Nancy & Sephiroth – Kathryn Mayer

The feeling is a bit like how she felt when she started purging in high school. Terror at the thought of being caught, but a rush too, a rush of something restless and alive, something vivid and poignant. She has a secret, and it’s hers and hers alone. A thing she will never admit to, no matter how hard-pressed. No one will ever know about Nancy and Sephiroth.
        When she sees something that reminds her of him now, she feels an electrifying jolt of energy. A man on TV has long silver hair. She feels her heartbeat speed up. She sees a long black coat on sale at Marshall’s. Her palms go slick with sweat. And when Caleb asks her to play Kingdom Hearts with him, her throat becomes dry, blocked. But the fear feels good too. Oh, it feels like bliss, like she’s nearing climax in a public place. Too enrapt to care that there are other people around, because in her mind it’s just her. Just her and him.
        She’ll ride the high of it all day. It doesn’t matter when Caleb pulls her back to reality.
        “Mom?” he says. “Hello?”
        “I’m listening,” she says. “You were talking about the frame rate.”
        Caleb means to convince her that video games aren’t a waste of his time, but are actually a real art form, and a science, and even maybe someday a legitimate career path for him to go into.
        He says, “Right. You have to pay attention to the number of frames when the character moves. You have to find the rhythm. Don’t think of it like a real fight. Think like you’re playing an instrument and you have to count yourself in… right, right. Yes. Good!”
        They’re playing some kind of cowboy fighting game now, which Caleb concedes is a bad game, but it’s good for learning the basics. “Baby mode,” he calls it. But that doesn’t stop Nancy from being absolutely terrible at it.
        “Can I watch you play again?” she asks.
        “Fine, you can watch me for one round, but then you have to finish one yourself,” he says.
        Nancy hands the controller over.
        Her eyes wander to the Final Fantasy DVD case lying on the floor.
        “What did I tell you about leaving your toys on the floor, Caleb?” she says, getting up to grab the case and put it away. But really she doesn’t care. It’s just an excuse to catch a glimpse of the back, the picture of Sephiroth, to feel him pulsing through her fingertips.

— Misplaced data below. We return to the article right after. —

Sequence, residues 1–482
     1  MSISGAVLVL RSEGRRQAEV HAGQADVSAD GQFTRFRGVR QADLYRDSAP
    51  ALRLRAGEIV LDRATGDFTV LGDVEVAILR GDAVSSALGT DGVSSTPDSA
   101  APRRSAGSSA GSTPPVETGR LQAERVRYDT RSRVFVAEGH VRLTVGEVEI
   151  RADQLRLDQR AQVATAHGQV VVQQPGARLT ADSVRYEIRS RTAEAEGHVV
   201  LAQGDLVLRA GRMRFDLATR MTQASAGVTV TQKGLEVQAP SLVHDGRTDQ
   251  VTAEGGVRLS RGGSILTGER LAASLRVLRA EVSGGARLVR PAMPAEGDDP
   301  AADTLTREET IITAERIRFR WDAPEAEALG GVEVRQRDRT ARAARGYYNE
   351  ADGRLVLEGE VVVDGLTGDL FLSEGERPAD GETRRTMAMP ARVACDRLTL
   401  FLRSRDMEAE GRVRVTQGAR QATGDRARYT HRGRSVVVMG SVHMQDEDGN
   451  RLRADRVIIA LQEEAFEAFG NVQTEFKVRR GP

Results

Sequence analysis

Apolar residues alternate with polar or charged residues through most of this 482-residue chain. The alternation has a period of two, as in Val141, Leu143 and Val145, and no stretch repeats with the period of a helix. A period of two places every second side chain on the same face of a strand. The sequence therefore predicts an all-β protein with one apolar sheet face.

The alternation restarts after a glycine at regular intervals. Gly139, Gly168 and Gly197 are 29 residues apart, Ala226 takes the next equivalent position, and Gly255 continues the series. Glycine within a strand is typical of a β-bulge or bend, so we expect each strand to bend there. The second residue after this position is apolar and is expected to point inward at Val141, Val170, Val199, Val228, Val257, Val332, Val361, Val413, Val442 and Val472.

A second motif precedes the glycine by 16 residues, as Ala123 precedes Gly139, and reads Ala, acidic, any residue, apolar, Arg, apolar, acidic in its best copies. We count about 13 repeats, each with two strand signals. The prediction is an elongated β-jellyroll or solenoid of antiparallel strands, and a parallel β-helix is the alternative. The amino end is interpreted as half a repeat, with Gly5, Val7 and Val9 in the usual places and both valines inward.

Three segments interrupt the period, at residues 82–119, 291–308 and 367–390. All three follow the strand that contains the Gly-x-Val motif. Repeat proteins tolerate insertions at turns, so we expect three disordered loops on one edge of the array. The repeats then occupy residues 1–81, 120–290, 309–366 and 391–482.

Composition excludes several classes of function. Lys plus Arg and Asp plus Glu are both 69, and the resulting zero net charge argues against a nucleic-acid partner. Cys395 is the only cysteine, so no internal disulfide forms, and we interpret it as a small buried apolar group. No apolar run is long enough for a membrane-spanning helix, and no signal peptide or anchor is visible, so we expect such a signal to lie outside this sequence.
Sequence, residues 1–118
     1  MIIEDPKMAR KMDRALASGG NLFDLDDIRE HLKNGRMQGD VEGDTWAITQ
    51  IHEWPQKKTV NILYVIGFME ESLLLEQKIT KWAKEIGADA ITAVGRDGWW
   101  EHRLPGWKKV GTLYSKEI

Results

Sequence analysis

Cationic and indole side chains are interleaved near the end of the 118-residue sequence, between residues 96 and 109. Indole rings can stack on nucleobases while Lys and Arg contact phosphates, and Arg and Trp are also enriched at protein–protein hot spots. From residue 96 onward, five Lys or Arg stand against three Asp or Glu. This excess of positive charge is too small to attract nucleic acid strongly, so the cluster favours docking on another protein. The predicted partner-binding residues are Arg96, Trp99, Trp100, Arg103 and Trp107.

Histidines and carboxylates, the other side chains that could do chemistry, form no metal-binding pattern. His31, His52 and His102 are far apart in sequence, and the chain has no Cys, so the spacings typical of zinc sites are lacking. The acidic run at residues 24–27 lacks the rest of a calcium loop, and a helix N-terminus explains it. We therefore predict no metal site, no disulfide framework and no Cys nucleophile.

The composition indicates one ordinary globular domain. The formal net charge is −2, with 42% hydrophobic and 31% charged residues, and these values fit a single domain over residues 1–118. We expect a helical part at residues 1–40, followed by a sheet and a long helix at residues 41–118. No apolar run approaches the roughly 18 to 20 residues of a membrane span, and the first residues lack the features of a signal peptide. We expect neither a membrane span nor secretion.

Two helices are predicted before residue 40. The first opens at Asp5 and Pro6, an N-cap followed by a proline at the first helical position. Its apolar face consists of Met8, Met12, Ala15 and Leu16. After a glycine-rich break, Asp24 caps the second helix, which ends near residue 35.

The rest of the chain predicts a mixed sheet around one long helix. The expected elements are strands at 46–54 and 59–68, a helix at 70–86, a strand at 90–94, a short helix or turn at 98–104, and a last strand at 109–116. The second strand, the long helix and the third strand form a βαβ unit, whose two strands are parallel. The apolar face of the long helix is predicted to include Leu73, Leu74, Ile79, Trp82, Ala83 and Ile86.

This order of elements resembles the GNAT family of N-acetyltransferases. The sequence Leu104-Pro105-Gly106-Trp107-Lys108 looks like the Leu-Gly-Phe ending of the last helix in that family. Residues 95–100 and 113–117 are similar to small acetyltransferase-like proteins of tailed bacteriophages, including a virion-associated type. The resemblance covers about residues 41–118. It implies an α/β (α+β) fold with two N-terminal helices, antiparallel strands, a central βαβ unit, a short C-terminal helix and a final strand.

Sometimes she likes to thrill herself, get up close to the edge. For instance, she buys the long black coat that’s on sale at Marshall’s. Her husband is surprised when she wears it to bed one night, with nothing underneath. She’s never been that kind of person – sexy on purpose – but there’s something about having him against her skin – scaly, silver, a ghostly whisper in binary.
Will she say his name by accident? That would be a hard one to explain.
        Another time, while she’s having coffee with Linda and the boys are playing in the TV room, she says, “Is Aaron into Final Fantasy? I’ve been wondering if it’s appropriate.”
        Of course, she’s already watched about ten play-throughs of VII on YouTube. She doesn’t need another mom to tell her whether it’s appropriate or not. She just wants to see what will happen when she speaks the title out loud, if maybe the rest will spill out after it. But it doesn’t. She doesn’t even know what it would sound like if it did, or how she would put it into words in the first place. I’ve developed some sort of feeling for a character from a game my son likes? Is it love? Lust? Yearning? Projection? Am I the first? The last? The only one?

She’s not the only one.
        When Stu goes to work and Caleb is back in school, she retrieves her laptop as if it’s some sort of illicit drug. She doesn’t have any accounts – no DeviantArt, no Tumblr, no AO3 or Wattpad. She’s what they call a lurker, she learns. A virtual peeping Tom. She doesn’t interact, doesn’t leave any traces of her presence, but she sees all.
        The erotica available is tremendous. Pages and pages of intricately-written stories. Galleries of illustrated porn. Most of it, she finds, is old. Rotten links to defunct websites from the 1990’s. Fanfiction published on LiveJournal before Caleb was even born. Community forums left to gather ages of dust. A ransacked museum.
        It feels wrong to look. But that’s part of the appeal. Maybe even the whole of the appeal. She’s sixteen again, going to the bathroom after every meal, always on her toes thinking up excuses. A rush like morphine in her veins.
        With Sephiroth on her mind, the days no longer blend together, each one indistinguishable from the last. Now she feels every moment with lucid clarity. Now she feels.